The Old Crone In the Woods, Part II
Liesel spent months worrying about this,
about dark minions and young souls that hurt,
she even started fearing for herself
for questioning the teachings of the church.
She did not want to damn herself to Hell,
but she couldn’t believe that it was true
that a loving God would punish children
for something that they themselves couldn’t do.
How did it make sense that helpless infants
could be punished due to their parents?
Why would they suffer for another’s sins,
how in the world did such a thing make sense?
But Liesel kept this turmoil inside,
and tried to just keep on living her life,
didn’t tell of doubts that haunted her thoughts,
or worried dreams that kept hear up at night.
It all came to a head six months later,
her neighbor’s new baby died in his sleep,
The town gathered up for the funeral,
to weep loudly, and to pour out their grief.
Liesel loitered near the back of the crowd,
every so often she glanced to the woods,
until finally she saw the woman,
and decided she’d settle this for good.
She crept out of her parent’s house that night,
made her way slowly down to the churchyard,
at midnight the old crone walked to the grave,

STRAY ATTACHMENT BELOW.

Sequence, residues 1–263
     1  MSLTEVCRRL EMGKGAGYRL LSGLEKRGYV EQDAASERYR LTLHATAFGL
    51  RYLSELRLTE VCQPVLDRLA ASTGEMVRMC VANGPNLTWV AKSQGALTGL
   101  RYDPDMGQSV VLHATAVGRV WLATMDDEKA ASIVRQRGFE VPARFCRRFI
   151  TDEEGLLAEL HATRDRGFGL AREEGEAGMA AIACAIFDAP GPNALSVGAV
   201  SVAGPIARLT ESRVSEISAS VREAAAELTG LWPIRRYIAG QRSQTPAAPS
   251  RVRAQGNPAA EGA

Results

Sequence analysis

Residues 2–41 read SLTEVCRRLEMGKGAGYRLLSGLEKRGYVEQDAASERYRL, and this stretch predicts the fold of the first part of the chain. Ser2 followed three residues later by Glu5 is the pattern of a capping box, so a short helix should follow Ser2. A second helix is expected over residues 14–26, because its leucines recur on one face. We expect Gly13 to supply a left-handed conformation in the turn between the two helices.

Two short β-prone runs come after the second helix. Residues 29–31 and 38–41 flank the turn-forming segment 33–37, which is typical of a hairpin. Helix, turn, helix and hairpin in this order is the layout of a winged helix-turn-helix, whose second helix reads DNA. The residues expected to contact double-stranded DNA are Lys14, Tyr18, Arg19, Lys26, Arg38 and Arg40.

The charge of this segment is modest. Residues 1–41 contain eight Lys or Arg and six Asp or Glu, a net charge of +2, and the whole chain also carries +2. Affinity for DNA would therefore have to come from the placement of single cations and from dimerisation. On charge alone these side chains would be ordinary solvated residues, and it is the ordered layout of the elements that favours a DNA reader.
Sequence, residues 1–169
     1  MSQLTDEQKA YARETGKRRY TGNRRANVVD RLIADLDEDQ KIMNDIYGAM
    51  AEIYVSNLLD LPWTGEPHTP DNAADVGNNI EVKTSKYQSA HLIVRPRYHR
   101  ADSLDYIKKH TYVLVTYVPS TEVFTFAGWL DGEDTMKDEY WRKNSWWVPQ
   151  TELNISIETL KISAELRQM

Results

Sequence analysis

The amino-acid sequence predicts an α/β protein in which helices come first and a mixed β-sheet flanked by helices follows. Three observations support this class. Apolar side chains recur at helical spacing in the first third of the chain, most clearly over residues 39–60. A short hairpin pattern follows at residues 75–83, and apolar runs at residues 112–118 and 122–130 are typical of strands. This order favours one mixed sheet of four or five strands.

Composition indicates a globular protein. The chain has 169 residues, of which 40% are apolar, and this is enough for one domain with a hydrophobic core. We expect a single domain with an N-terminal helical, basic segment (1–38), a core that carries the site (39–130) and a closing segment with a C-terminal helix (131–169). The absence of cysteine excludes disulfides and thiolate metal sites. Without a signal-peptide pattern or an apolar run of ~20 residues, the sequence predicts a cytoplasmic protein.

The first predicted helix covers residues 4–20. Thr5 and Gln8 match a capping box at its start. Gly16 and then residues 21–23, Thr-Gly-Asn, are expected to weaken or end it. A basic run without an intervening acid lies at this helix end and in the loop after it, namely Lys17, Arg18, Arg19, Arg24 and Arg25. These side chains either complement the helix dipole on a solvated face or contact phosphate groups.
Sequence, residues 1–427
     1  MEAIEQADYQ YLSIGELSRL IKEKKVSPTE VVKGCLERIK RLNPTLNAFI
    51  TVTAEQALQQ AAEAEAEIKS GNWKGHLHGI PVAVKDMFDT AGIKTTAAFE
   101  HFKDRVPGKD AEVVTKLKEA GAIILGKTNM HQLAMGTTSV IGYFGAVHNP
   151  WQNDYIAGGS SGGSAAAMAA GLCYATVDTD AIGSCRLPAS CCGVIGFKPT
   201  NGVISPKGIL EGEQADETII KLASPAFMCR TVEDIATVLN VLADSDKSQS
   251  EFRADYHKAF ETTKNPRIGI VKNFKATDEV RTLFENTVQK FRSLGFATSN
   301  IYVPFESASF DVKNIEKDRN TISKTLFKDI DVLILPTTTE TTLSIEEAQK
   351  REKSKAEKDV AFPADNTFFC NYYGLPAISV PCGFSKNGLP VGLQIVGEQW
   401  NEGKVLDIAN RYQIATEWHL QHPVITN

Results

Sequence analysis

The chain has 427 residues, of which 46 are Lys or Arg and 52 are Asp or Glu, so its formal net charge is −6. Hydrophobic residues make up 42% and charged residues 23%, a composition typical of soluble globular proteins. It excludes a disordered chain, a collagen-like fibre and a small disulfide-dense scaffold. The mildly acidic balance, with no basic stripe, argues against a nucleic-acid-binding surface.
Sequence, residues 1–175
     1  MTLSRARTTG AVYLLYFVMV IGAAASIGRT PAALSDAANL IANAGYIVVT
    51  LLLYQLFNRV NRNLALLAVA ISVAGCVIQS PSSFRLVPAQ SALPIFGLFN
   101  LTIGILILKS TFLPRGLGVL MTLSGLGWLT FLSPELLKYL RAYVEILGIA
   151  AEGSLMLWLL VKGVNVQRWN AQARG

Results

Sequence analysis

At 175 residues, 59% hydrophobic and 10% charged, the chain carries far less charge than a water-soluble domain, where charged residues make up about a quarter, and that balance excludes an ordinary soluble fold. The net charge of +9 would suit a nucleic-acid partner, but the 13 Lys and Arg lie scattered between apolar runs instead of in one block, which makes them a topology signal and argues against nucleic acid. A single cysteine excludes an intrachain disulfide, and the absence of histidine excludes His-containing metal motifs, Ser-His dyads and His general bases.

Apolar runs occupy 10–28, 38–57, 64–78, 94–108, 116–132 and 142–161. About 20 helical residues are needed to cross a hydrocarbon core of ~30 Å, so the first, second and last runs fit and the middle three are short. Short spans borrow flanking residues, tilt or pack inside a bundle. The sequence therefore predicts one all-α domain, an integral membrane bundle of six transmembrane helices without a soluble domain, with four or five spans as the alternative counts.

and from her cloak removed some sort of jar.
She opened it and stood there quietly
for a long moment, then shuffled away,
Liesel followed, determined that somehow
she would not make this foul demon pay.
Through a dark forest of eldritch oak trees,
where brushy undergrowth scratched at her skirts,
across gurgling streams that wet her feet,
down dark ravines where the wolfpacks still lurked.
Amidst calling owls loud in the night,
she followed that old crone through the wild,
she kept a good distance, forty paces,
her feet bled, and she wheezed from the trial.
Finally she came upon a small glade,
to the center of it the crone did go,
right to an old cabin that rose up there,
Over the door was a sign that said ‘Limbo.’
Her heart froze as the old woman walked in,
she saw the briefest flash of light from inside,
all of her reason screamed out, ‘You should run!’
But she couldn’t, no matter how hard she tried.
Some great force acted deep within her soul,
she couldn’t say if for good of for ill,
but Liesel found herself approaching the door,
simply a pawn to some powerful will…
Copyright © David Welch | Year Posted 2020
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